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Educators preserve, shape future with 'ALT NEW COLLEGE'; NY appeals court denies delay for Trump civil fraud trial; Michigan coalition gets cash influx to improve childcare.

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A House Committee begins its first hearing in the Biden impeachment inquiry, members of Congress talk about the looming budget deadline and energy officials testify about the Maui wildfires.

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A small fire department in rural Indiana is determined not to fail new moms and babies, the growing election denial movement has caused voting districts to change procedures and autumn promises spectacular scenery along America's rural byways.

SCOTUS EPA Decision Seen as Not Aligned with Voters

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Friday, July 1, 2022   

Environmental groups are criticizing a U.S. Supreme Court decision, which narrowed the scope of the Environmental Protection Agency's ability to regulate carbon emissions from power plants.

Some argued the opinion runs counter to what many voters want to see in the fight against climate change.

Jade Begay, climate justice director for the NDN Collective, said the outcome will halt the Biden administration's goals for reducing carbon emissions by 2030. She pointed out even more concerning is millions of lives will be at risk as the world's climate becomes further destabilized.

Like with other recent decisions, Begay contended the conservative arm of the Court is going against the public trust.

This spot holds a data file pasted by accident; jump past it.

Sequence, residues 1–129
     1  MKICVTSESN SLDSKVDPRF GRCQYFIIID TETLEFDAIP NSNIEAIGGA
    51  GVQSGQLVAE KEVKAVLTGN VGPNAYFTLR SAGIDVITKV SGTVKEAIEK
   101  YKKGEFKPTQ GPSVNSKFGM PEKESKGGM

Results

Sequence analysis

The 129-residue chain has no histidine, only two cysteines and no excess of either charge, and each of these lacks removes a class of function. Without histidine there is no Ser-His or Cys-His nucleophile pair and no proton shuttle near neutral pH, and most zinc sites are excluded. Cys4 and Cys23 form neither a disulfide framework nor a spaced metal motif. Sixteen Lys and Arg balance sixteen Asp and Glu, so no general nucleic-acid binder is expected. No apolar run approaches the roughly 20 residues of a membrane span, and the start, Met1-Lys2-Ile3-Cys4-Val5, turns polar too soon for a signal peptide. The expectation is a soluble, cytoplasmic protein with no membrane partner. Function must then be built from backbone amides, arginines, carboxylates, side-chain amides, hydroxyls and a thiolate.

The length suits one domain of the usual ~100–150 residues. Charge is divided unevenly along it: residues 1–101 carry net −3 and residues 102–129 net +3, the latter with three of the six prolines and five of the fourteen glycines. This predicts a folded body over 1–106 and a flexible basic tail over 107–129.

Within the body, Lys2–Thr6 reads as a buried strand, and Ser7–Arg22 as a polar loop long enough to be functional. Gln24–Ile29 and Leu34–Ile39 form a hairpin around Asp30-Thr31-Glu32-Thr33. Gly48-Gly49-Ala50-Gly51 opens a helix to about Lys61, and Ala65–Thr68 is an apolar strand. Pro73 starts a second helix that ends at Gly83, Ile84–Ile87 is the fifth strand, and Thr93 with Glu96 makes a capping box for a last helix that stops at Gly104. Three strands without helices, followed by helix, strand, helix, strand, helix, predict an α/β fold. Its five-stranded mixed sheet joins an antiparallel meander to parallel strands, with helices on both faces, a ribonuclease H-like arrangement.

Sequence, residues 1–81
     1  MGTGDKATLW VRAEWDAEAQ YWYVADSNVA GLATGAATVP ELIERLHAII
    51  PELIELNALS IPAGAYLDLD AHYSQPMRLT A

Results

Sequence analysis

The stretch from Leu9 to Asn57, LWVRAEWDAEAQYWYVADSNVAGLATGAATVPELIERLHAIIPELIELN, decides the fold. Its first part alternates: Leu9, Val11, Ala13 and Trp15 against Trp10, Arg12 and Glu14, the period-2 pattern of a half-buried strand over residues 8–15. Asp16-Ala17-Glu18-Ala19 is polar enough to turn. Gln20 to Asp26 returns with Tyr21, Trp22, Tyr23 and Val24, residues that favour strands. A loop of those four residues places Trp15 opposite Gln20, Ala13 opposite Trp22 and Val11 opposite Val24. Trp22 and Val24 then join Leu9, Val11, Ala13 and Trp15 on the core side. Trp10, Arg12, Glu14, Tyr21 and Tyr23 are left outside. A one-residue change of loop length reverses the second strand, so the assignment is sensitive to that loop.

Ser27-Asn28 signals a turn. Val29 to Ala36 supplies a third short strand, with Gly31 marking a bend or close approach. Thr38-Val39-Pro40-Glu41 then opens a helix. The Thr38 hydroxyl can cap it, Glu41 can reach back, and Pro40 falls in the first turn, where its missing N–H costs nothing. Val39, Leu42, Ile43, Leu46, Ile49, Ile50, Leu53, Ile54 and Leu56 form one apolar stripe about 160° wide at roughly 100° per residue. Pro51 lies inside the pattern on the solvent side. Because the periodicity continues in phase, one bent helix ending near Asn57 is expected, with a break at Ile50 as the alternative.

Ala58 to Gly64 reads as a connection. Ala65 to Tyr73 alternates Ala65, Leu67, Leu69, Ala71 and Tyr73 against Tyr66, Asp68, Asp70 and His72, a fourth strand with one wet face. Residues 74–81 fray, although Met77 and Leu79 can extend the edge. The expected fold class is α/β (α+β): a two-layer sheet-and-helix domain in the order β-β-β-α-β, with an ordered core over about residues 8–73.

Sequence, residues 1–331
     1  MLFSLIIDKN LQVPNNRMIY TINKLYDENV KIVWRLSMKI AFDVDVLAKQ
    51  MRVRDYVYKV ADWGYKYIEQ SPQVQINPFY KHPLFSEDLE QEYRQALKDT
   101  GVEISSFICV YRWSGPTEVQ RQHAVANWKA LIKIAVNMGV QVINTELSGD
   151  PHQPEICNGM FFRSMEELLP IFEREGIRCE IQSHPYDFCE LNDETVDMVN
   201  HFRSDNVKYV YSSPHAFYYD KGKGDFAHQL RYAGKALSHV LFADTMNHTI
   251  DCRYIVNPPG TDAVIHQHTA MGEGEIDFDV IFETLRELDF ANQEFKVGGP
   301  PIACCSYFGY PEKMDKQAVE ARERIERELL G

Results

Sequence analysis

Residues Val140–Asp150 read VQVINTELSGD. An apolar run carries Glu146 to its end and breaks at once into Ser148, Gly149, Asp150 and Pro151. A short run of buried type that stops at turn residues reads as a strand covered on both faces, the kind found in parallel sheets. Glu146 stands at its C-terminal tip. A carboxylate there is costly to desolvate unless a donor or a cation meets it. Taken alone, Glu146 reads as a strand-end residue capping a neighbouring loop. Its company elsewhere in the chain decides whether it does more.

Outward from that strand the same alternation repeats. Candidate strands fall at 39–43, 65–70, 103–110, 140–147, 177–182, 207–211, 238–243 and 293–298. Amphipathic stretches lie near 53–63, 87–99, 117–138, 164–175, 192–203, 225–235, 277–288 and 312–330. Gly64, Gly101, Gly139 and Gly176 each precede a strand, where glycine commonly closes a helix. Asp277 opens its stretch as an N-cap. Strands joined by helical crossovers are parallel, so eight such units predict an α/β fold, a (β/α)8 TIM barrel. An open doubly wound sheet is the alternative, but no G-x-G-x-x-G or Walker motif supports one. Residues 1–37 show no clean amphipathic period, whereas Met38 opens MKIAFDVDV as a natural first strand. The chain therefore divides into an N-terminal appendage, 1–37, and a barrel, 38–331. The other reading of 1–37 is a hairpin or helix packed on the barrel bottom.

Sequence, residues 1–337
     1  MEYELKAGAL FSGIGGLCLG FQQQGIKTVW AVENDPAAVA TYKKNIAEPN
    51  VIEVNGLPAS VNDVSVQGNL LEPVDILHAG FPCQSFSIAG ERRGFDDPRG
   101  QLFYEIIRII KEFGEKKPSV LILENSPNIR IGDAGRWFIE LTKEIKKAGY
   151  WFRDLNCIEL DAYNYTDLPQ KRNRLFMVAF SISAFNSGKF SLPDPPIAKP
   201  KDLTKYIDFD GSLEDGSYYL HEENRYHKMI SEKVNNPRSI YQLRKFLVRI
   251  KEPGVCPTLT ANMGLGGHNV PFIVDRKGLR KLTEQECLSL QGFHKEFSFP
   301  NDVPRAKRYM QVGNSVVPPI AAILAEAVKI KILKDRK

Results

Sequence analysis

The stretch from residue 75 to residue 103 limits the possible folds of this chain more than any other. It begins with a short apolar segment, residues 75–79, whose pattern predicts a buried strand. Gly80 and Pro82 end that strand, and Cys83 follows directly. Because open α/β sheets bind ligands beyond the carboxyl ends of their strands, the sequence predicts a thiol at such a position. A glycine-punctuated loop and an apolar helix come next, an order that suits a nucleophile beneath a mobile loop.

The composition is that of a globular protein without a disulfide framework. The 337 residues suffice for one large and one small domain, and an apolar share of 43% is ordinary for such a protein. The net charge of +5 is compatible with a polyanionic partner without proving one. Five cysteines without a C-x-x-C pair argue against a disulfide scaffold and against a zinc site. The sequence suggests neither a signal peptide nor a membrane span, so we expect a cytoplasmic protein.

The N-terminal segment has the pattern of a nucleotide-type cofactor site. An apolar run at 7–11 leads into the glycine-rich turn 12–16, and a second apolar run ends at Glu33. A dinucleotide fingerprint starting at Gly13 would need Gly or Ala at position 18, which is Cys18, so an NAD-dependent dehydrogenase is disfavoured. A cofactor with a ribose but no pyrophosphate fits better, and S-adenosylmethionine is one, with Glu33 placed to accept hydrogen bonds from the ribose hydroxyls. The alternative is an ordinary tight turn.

"Sixty percent of voters believe the EPA should be allowed to regulate air pollution that contributes to climate change," Begay noted.

The poll she cited was recently issued by Data for Progress, which surveyed Democrats, Republicans and Independents.

Begay emphasized deferring to states on such matters is harder in conservative states like South Dakota. Gov. Kristi Noem was among those who championed a multistate lawsuit challenging a federal order on examining the social cost of carbon emissions. Noem argued it was federal overreach.

The Supreme Court did reject the legal challenge, allowing the order to stay in place. However, Begay said more broadly, it appears the court's majority is putting its own interests first. In the meantime, she stressed climate change will only get worse for people around the world.

"We will lose our homes, we will lose our local economies," Begay predicted. "There will be disruptions to ... the places that we have jobs, the places that we raise our families."

NDN Collective is an Indigenous-led organization, and Begay noted they are especially concerned because many sources of pollution are near or on tribal lands. She added it has contributed to public health concerns for tribal members, including asthma.

Support for this reporting was provided by The Carnegie Corporation of New York.


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